All Things Mommy: Time out, Mommy

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A time out would mean five minutes to myself and that sounds heavenly

My son just told me to take a time out. 

In my defence, I wasn't doing anything wrong so the time out wasn't justified, but I told him I'd love to take a time out. He looked at me like I had 10 heads. A time out would mean five minutes to myself. I'd probably nap during that short time simply because I could.

I'd probably even pretend to cry and throw a tantrum.

The truth is, I probably wouldn't even be pretending. I know I have benefited from a good cry once or twice in my time as a mommy. Aren't us parents entitled to throw a tantrum every once in a while from being overtired and cranky?

It's funny, in my mind I dream about all the things I'd do if I had some time to myself in our house. It rarely happens because without fail, when one of my boys goes down for a nap, the other one wakes up. When Camryn has an early rise, Aiden sleeps late. The odd time I get a 15-minute overlap where they are both asleep, I don't even know what to do with myself.

Out of principle, I feel I should lie down and get some rest. Then I feel I should do something more worthy of this break - like laundry, or cleaning the dishes in the sink, preparing bottles, giving the tub a good scrub or finally cleaning that dried ketchup spot that has been sitting on the second shelf of my fridge for weeks. So much to do, so little time.

Soon this time will end and yet I have wasted four minutes just thinking about what to do. Once one of the kids wakes up, none of these things will be done. 

Every night, after the boys are in bed, I plan to kick my feet up and enjoy the silence.  Most evenings I don't because by the time both kids are asleep and I do all the things that I didn't get done during the day, I am exhausted.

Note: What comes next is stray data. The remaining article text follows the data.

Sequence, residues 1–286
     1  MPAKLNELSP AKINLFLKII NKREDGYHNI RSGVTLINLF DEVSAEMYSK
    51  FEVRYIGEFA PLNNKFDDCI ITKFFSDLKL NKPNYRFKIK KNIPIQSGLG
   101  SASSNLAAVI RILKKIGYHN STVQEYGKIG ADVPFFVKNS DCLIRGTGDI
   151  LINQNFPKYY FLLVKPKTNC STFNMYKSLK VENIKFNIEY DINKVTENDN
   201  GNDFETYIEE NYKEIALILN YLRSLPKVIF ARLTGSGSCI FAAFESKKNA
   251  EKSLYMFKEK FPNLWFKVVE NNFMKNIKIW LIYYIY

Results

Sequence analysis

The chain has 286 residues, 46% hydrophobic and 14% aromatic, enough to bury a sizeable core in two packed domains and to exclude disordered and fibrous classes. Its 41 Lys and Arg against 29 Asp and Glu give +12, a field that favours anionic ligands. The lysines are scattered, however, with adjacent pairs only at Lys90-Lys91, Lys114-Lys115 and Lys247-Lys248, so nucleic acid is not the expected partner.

Their bedtime equals my bedtime. I try to enjoy a few quiet moments with my husband but I can barely keep my eyes open so I go to bed because I know in a few short hours the baby will wake up and need me. Once he is settled, his brother will wake up for the day, needing me too.

So yes, I want to have a tantrum because I'm tired. But I will never be tired of being needed.

When I walk into Camryn's nursery at 6:15 a.m. and he smiles his little baby smile at me, I forget how tired I am. At that moment, it doesn't matter how much sleep I didn't get that night. When Aiden jumps out of bed and literally puts his arms out when he sees me and tells me he loves me, I remind myself there is no better way to start the day.

I may not be a toddler, but I want a time out. Daily. Preferably one minute for every year of my life (so 32 minutes). That sounds heavenly. Not because I don't want to be around my kids, but because I need some ME time.  

Time to be alone, gather my thoughts and rejuvenate. That way I will feel refreshed and ready to start over and face the busy day, and my busy boys, who will be waiting for me when my time is up.


Columnist Sonya Thorne stays at home in Newfoundland raising her two-year-old son, Aiden, and three-month-old son Camryn. Some days, she wants a time out.

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